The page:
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Posts Tagged ‘Mandy Patinkin’

Hannah Pearl Utt, Jen Tullock

“BEFORE YOU KNOW IT” My rating: B-

98 minutes | No MPAA rating

A family comedy with just enough edge, “Before You Know It” is the creation of Hannah Pearl Utt and Jen Tullock, who co-wrote the script and star as mutually exasperated sisters.

In addition, Utt directed.

The end results aren’t earth-shaking, but there’s a good deal of talent on display.

As she approaches 30 Rachel Gruner (Utt) still hasn’t had a chance to discover herself…she’s got a full-time job being the only grownup in a household where delusion reigns.

Her widowed father, playwright/actor Mel Gruner (Mandy Patinkin), is an overgrown child who has spent the last 50 years writing and starring in plays no one sees.  He mounts them in the basement theater of the Greenwich Village building he owns; the family lives upstairs.

Rachel’s older sister Jackie (Jen Tullock) is an always-aspiring actress who spends too much time chasing men to pay much attention to her 12-year-old daughter Dodge (Oona Yaffe).

By default, Rachel runs the family’s struggling theater company and serves as surrogate mother to Dodge, catering to her father’s artistic dreams and ignoring Jackie’s more maddening behavior.

But when Mel suffers a fatal heart attack, Rachel and Jackie discover that the mother they thought died nearly 30 years earlier is still alive. Indeed, she is a soap opera star named Sherrell (Judith Light) who has been paying the mortgage on the theater/apartment all this time. If they want to keep a roof over their heads, the sisters had best reach out to Mama.

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Olivia Wilde, Oscar Isaac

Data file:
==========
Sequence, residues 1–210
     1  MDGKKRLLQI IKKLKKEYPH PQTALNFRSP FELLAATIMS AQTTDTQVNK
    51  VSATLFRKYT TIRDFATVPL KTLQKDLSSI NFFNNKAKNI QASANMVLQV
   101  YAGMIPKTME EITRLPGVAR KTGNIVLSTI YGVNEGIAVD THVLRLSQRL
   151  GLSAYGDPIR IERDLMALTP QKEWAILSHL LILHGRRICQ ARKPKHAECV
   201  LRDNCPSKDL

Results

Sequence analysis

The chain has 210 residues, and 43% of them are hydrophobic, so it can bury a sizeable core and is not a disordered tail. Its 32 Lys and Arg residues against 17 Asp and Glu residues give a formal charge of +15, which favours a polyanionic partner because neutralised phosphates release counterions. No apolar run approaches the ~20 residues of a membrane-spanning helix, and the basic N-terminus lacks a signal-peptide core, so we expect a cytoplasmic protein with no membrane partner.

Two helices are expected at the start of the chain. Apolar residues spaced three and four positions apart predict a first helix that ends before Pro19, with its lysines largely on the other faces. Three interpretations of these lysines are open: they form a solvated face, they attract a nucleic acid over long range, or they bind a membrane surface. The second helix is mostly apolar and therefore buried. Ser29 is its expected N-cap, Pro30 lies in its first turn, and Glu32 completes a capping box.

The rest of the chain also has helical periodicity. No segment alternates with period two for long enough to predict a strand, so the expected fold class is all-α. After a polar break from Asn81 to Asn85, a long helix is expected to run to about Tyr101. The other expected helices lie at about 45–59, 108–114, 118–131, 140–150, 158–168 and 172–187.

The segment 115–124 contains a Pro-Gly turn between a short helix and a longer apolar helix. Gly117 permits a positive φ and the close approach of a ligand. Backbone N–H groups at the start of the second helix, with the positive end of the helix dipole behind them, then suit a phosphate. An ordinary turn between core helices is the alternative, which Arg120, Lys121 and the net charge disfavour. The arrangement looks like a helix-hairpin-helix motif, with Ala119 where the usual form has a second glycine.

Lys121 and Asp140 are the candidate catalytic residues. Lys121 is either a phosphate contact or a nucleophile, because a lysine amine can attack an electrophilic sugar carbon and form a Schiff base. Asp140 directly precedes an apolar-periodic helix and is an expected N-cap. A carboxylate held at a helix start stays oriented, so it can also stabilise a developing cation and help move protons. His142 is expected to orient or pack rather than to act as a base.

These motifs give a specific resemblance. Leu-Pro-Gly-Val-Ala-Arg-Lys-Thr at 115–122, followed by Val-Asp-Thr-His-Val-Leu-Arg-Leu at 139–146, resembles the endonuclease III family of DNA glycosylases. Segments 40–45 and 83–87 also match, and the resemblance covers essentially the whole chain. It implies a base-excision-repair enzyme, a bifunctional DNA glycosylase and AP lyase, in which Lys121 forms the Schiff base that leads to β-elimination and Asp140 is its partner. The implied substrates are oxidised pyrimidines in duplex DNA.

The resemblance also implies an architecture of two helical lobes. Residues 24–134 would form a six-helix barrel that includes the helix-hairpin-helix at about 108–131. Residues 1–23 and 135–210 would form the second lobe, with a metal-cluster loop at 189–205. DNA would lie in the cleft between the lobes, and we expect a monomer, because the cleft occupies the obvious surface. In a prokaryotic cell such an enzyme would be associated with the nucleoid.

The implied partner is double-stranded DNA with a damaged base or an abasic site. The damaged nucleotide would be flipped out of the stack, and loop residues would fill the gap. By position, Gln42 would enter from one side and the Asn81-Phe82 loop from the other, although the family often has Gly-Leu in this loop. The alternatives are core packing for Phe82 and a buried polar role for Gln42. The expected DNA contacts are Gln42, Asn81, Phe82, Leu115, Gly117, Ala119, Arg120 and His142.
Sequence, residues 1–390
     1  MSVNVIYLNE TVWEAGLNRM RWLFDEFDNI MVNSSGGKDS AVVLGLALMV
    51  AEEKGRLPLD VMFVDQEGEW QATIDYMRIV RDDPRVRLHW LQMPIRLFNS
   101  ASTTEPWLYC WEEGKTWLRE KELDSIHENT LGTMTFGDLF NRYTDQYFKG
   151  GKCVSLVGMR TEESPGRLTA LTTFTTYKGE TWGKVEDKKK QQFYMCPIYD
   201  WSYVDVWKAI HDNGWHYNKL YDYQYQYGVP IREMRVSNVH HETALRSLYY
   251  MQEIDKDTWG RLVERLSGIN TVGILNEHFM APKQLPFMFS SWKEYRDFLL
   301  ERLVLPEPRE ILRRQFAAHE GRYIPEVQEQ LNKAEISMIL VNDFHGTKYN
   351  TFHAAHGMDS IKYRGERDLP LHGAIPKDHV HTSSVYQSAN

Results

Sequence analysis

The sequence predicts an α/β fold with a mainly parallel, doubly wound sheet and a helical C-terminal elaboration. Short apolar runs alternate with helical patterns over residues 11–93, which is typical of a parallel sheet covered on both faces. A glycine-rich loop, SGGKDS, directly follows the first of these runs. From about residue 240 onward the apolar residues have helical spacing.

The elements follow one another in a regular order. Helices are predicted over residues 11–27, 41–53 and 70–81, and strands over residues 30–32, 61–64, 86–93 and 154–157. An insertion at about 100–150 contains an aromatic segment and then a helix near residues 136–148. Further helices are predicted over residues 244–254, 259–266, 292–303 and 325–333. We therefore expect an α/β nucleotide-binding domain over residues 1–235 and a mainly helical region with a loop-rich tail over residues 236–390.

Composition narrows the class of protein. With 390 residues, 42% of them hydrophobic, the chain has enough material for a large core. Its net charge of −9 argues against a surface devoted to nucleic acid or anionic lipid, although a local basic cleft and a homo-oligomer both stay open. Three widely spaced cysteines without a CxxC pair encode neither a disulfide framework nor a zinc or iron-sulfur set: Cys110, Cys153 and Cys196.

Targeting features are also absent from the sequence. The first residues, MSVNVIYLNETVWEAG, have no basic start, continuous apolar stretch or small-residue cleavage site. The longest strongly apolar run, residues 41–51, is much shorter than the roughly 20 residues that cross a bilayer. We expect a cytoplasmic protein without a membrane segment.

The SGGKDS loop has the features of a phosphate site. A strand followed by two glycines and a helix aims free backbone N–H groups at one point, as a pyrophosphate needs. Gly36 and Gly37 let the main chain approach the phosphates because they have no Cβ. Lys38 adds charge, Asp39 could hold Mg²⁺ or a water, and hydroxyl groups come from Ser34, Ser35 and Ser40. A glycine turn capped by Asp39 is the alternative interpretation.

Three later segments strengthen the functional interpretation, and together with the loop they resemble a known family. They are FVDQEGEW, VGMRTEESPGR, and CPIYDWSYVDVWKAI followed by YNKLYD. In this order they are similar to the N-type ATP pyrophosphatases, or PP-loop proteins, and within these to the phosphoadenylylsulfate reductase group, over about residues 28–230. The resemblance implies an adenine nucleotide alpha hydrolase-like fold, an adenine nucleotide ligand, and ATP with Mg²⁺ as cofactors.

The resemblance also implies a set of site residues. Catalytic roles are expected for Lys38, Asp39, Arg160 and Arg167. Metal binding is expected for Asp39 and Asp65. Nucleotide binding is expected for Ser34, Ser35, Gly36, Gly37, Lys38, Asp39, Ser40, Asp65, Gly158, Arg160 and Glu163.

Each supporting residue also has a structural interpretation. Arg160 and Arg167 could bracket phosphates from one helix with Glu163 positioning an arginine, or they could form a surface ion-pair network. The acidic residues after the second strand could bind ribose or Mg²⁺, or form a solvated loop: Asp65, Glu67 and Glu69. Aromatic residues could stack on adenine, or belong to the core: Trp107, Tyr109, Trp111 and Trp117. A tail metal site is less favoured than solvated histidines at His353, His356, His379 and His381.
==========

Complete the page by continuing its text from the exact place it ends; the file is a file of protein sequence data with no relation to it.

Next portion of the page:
“LIFE ITSELF” My rating: C-

118 minutes | MPAA rating: R

Having conquered the world of episodic television with the emotion-wringing family drama “This is Us,”  writer/director Dan Fogelman turns to the big screen with “Life Itself.”

Things don’t go well.

As the title suggests, Fogelman is here attempting nothing less than a God’s-eye view of human lives, all of them entangled — though at first that’s not obvious.  While “This is Us” appeals directly to big laughs and big tears, “Life Itself” is curiously muted, as if we’re observing the characters across vast distances.  Those looking for a good cry will probably leave looking for something to punch.

The film is perversely curious, for Fogelman has given us nothing less than a humanistic, non-violent parody/homage of Quentin Tarantino’s “Pulp Fiction.” Like that film, “Life Itself” is broken into specific chapters and employs a time-leaping narrative (something with which Fogelman is familiar…see “This is Us”). At one point characters attend a party dressed like John Travolta and Uma Thurman in “Pulp Fiction’s”  famous dance contest; at least twice in “Life Itself” the movie slows down so that characters can deliver long Tarantino-esque monologues. Tarantino regular Samuel L. Jackson even pops up in an extended cameo so weird it defies description.

So what’s the movie about?  Well, let’s break it down by  chapters.

  • In the opening sequence the bearded, unkempt Will (Oscar Isaac) is getting therapy from a shrink (Annette Bening). We gradually learn that his beloved wife Abby has left him (in flashbacks she’s played by Olivia Wilde).  We see their romantic meeting, their growing love, their relationship with Will’s parents (Mandy Patinkin, Jean Smart), their anticipation of the birth of their child. We discover that Will’s therapy was court-mandated after a suicide attempt and a few months in a mental ward. Eventually we discover what happened to Abby.
  • The next segment follows the childhood of Will and Abby’s daughter, Dylan (Olivia Cooke), who is raised by her widowed grandpa and grows up to be a smart/rebellious punk rocker, though tormented by the loss of the parents she never met. (more…)

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